New Orleans Pelicans

Dell Demps was fired, but why now?

Dell Demps and the Pelicans were going to have to part ways eventually. But why now, when he seemed to be executing ownership’s plan properly?

The New Orleans Pelicans parted ways with long-time GM Dell Demps this morning, ending the ninth longest GM tenure currently active in the NBA. Demps’ tenure was a rocky one, seeing a combination of bad moves and bad luck torpedo his ability to put a strong roster around Anthony Davis. Ultimately, it culminated in his failure to put together a trade to deal Davis after those moves led to frustration on Davis’ part and a desire to move on.

While the firing makes sense, the timing is off-putting. The Pelicans, in refusing multiple offers from the Lakers, made it seem like they were content to wait until the offseason. They made it seem like they were going to force Boston to put Jayson Tatum in the offer for Davis, and while they were never going to get equal value on a player of Davis’ stature, they certainly had a shot at getting the actual best offer then instead of just sitting on an asset that doesn’t want to be there. Instead, they took one suitor’s offer off the table by refusing to negotiate, knew another suitor was off the table due to CBA restrictions on designated players, and then didn’t make a trade but were still somehow angry about it.

The best case for that scenario is a disconnect between the Demps and ownership, such that one party wanted Davis traded on an immediate timeline and the other thought he was allowed to be more patient. There was likely already existing tension due to the failures to surround Davis with acceptable talent, and even a slight miscommunication might have been enough to tip the balance over into “time to part ways”.

There are Woj-level rumblings that the move was made in the wake of ownership anger over Anthony Davis leaving last night’s game against the Oklahoma City Thunder with an injury, but those seem unlikely to explain the timing. Even James Dolan is not irrational enough as an owner to make a change like that, and so while there may have been anger over last night’s situation, it seems unlikely that that could be anything more than noise, a sentiment echoed by Mason Ginsberg.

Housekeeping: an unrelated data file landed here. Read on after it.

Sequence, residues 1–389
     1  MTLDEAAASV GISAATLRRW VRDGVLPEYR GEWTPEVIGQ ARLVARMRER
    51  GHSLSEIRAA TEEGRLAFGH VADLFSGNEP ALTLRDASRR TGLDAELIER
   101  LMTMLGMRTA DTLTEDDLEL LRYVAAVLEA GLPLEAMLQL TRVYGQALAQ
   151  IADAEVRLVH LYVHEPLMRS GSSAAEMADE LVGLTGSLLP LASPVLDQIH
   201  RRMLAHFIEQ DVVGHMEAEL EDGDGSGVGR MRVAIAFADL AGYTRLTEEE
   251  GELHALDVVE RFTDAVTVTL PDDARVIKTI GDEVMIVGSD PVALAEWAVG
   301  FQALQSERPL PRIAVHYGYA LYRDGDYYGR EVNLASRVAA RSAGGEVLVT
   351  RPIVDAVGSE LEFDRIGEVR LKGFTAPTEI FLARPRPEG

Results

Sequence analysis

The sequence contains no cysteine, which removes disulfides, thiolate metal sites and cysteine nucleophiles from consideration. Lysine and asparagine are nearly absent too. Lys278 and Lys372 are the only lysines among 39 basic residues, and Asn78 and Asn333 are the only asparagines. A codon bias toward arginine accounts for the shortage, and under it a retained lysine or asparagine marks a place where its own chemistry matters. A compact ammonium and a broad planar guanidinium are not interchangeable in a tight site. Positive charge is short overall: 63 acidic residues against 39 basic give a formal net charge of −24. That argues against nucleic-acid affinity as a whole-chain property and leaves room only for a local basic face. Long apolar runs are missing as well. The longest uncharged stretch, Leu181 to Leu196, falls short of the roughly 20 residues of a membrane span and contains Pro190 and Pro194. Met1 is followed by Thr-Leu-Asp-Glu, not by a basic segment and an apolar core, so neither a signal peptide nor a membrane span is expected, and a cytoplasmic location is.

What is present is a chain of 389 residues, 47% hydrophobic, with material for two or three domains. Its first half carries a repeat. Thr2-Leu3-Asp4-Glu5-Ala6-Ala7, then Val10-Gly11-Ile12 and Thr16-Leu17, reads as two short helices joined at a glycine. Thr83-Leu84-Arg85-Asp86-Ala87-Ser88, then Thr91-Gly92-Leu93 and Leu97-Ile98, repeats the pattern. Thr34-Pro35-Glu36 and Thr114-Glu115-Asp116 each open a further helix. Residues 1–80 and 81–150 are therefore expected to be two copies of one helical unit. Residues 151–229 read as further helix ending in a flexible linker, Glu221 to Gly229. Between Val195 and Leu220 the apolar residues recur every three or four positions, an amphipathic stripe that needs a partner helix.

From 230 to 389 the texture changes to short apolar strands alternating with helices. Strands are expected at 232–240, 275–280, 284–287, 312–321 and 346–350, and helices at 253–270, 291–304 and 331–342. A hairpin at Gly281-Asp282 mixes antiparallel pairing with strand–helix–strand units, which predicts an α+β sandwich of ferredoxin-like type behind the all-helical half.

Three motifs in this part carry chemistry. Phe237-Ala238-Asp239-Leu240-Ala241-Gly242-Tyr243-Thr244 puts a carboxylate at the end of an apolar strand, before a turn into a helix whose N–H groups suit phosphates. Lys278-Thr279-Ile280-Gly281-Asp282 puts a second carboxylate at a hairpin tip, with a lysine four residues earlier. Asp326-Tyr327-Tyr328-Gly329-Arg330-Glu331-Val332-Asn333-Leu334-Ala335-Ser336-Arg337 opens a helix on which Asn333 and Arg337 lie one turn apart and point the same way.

It’s also hard, in the wake of the end of Sam Hinkie’s tenure in Philadelphia, to not question the possibility of Adam Silver stepping in. Rumors that the NBA was forcing New Orleans to play Davis, though denied by the league, have significant credible support behind them, with Marc Stein having referenced it directly and condemned it as well. While nothing there will likely ever be confirmed, by more or less installing the Colangelos in Philadelphia Adam Silver has certainly invited all of the suspicion around moves like this, and given that the Pelicans had already interacted with the league office on this matter, a link to Silver is already in place.

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Overall, it’s a move that’s for the best, given that Demps did more or less get the Pelicans into the mess they’re in in the first place, but the timing rings so incredibly strange with so many wild-card players in and around the process that it’s hard to figure out what’s going on and what exactly it means for the Pelicans. It adds an additional layer of complexity to any pending Davis trade, since negotiations may be basically reset from scratch if a GM isn’t hired in-house, although in-house candidates like Devin Booth and Danny Ferry are in contention. But unfortunately, large pieces of the information here are going to be tucked behind organizational structure, and we may never know anything more than that the Pelicans selected a weird time to execute the inevitable.

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